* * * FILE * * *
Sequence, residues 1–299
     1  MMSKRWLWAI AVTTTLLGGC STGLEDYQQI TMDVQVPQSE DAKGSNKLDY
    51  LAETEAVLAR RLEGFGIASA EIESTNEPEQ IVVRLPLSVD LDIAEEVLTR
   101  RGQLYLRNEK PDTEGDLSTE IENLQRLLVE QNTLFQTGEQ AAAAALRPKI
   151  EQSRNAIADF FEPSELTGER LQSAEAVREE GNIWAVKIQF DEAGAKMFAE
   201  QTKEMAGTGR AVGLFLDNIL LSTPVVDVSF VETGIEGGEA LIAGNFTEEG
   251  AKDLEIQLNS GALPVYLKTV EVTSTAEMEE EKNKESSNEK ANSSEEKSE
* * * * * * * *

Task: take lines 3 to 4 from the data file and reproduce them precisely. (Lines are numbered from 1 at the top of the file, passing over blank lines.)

    51  LAETEAVLAR RLEGFGIASA EIESTNEPEQ IVVRLPLSVD LDIAEEVLTR
   101  RGQLYLRNEK PDTEGDLSTE IENLQRLLVE QNTLFQTGEQ AAAAALRPKI